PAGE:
Health Medical

Early onset of diabetes a factor in death, comorbidities


HQ Team

October3, 2022: According to a Health and Retirement Study survey, the age you get diabetes determines mortality and risk of comorbidities in older adults.

A population-based, biennial longitudinal health interview survey that interviewed 7,739 adults ages 50 and older found that diabetes diagnosis at 50 to 59 years was significantly associated with mortality (HR 1.49, 95% CI 1.29-1.71) compared with no diabetes diagnosis. 

The participants were also susceptible to associated risks for several comorbidities compared to the control group, including:

  • Incident heart disease: HR 1.66 (95% CI 1.40-1.96)
  • Stroke: HR 1.64 (95% CI 1.30-2.07)
  • Disability: HR 2.08 (95% CI 1.59-2.72)
  • Cognitive impairment: HR 1.30 (95% CI 1.05-1.61)

The onset of diabetes in adults one decade older — ages 60 to 69 — these associated risks were found to be significantly lower. This age group saw a 10% higher risk for death versus controls, as well as a 25% higher risk for incident heart disease, a 41% higher risk of stroke, and a 44% higher risk of disability, but no higher risk for cognitive impairment.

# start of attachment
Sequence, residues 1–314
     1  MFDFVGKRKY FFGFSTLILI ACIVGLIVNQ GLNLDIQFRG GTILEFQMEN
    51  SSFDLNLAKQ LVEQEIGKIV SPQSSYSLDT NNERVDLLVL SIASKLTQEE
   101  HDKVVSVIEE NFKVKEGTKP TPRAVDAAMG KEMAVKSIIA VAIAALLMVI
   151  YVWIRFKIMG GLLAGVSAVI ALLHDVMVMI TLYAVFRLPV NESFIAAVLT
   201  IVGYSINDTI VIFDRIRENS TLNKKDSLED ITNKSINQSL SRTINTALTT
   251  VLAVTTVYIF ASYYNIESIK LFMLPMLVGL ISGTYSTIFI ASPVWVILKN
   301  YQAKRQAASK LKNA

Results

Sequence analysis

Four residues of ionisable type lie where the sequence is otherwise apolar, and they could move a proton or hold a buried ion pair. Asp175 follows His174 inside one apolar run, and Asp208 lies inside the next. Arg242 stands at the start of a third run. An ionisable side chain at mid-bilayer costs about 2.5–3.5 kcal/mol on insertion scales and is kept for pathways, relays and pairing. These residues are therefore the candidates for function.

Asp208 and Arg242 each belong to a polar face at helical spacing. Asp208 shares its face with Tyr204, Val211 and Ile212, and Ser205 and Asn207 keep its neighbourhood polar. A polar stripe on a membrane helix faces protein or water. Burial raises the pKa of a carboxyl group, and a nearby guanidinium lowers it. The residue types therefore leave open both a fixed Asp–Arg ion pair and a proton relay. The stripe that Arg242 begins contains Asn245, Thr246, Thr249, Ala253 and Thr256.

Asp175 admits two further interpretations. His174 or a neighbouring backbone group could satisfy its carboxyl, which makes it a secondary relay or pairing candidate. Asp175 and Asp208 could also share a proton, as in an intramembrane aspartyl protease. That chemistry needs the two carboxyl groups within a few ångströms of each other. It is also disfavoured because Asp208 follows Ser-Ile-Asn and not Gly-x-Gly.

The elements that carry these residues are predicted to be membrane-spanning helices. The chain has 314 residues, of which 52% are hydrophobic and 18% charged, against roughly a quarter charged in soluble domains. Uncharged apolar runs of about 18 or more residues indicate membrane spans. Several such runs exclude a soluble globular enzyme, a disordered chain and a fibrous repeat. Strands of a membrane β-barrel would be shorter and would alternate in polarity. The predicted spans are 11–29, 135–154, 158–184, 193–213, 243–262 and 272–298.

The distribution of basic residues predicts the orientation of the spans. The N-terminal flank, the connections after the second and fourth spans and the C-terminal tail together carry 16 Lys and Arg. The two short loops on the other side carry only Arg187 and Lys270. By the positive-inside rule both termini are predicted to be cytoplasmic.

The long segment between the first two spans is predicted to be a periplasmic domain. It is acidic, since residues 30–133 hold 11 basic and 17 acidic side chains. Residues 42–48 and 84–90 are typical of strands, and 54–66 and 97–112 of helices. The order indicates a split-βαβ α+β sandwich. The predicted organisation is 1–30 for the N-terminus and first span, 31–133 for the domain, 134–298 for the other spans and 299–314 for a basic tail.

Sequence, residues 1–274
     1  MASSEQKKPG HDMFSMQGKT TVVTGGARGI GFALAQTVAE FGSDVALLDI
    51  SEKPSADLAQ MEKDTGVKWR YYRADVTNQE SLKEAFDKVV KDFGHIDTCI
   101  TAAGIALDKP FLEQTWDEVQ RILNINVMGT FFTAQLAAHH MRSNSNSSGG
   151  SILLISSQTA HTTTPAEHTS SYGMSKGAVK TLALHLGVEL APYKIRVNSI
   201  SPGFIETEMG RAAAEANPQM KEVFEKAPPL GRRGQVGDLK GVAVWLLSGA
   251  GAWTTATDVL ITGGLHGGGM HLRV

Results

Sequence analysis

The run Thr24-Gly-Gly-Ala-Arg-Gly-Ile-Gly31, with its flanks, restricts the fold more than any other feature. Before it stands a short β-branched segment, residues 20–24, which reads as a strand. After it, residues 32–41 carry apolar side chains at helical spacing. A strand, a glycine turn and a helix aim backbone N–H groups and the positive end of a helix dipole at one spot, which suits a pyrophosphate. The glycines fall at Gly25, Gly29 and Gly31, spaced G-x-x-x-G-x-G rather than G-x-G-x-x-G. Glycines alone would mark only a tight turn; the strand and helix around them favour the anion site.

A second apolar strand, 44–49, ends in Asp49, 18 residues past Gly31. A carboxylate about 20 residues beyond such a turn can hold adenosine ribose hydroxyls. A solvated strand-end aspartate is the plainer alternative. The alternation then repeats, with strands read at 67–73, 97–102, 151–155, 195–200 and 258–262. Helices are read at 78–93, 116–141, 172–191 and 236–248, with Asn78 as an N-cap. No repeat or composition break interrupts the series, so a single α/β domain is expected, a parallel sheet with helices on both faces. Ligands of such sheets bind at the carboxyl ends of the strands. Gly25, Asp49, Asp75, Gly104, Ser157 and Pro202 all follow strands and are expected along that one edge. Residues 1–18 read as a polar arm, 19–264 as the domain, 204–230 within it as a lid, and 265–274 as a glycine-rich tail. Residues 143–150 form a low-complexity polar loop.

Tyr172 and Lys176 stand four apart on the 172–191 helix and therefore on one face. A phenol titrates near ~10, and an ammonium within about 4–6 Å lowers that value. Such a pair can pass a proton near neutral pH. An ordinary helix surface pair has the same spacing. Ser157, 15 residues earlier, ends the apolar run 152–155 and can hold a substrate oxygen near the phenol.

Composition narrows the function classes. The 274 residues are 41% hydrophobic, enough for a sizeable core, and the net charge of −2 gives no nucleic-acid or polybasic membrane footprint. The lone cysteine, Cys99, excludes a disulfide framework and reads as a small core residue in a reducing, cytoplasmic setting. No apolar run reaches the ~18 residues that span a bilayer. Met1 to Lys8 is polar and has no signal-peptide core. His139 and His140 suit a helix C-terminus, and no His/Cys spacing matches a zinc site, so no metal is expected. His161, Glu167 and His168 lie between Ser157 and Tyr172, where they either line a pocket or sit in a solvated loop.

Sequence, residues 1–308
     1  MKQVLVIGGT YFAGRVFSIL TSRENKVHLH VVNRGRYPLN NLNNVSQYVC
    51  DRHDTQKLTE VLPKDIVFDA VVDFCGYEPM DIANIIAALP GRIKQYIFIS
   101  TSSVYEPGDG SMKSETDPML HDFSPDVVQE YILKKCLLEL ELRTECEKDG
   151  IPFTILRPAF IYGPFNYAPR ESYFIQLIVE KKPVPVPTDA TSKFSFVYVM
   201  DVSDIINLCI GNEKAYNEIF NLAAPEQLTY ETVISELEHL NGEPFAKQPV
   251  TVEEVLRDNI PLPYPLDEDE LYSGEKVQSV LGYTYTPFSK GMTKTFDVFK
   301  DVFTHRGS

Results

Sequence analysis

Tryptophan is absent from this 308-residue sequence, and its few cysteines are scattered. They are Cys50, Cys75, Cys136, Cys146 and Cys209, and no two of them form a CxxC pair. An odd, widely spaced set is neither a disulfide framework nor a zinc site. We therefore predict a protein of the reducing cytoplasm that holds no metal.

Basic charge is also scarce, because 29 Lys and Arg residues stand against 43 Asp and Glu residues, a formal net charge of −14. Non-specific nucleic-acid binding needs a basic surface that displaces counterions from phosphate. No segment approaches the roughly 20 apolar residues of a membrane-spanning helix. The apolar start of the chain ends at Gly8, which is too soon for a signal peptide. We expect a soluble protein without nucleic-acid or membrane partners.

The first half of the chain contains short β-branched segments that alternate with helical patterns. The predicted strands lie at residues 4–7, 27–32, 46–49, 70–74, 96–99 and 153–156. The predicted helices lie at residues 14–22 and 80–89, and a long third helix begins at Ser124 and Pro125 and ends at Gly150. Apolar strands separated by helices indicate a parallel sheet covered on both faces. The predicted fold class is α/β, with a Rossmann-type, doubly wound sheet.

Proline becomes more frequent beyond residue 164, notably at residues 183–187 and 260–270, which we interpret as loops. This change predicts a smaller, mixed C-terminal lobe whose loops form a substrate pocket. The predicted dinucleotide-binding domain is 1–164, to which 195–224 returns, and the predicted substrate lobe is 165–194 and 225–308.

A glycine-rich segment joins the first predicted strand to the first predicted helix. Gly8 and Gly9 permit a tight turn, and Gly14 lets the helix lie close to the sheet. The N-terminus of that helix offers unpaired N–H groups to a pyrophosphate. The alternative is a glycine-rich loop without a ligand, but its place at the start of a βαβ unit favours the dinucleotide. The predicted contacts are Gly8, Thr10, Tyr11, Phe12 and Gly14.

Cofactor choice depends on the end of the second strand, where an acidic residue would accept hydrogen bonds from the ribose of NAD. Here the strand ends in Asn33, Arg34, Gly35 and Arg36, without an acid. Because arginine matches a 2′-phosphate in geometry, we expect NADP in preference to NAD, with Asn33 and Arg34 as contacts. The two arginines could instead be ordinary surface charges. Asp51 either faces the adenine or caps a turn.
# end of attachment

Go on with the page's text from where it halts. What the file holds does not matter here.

Furthermore, adults diagnosed with diabetes after 70 saw very few of these associated risks. This age group showed only an 8% higher risk for mortality and a 15% higher risk for heart disease.

“The mechanisms that link earlier diabetes diagnosis to worse outcomes are not completely understood,” the researchers of the survey said. “The longer duration of diabetes in individuals with earlier diagnosis has been reported in several previous studies. In contrast, in our study, the age-at-diagnosis association persisted when diabetes duration was fully adjusted by comparing incident outcomes starting from the age at diabetes diagnosis.”

One reason for the risks of earlier death and associated health problems in the younger age group could be because these people contracted “a more physiologically aggressive form of diabetes, with worse glycemic control, beta cell dysfunction, insulin insufficiency, and insulin resistance,” leading to worse outcomes, believe the researchers.

The study scholars used data from participants in the Health and Retirement Study from 1995 to 2018, including 1,866 adults diagnosed with diabetes in their 50s, 2,834 diagnosed in their 60s, and 3,039 diagnosed in their 70s.

Diabetes and other outcomes assessed were self-reported. Cognitive impairment was also measured. via a questionnaire

The percentage of women with diabetes was found to be more than men across all age ranges. Black and Hispanic men reported more diabetes incidents in younger adults of 50. However, white adults reported a higher diabetes diagnosis late in life. 

The survey was undertaken by Judy Zhong, PhD, of NYU Grossman School of Medicine in New York City, and colleagues and was published in the JAMA Network Open.

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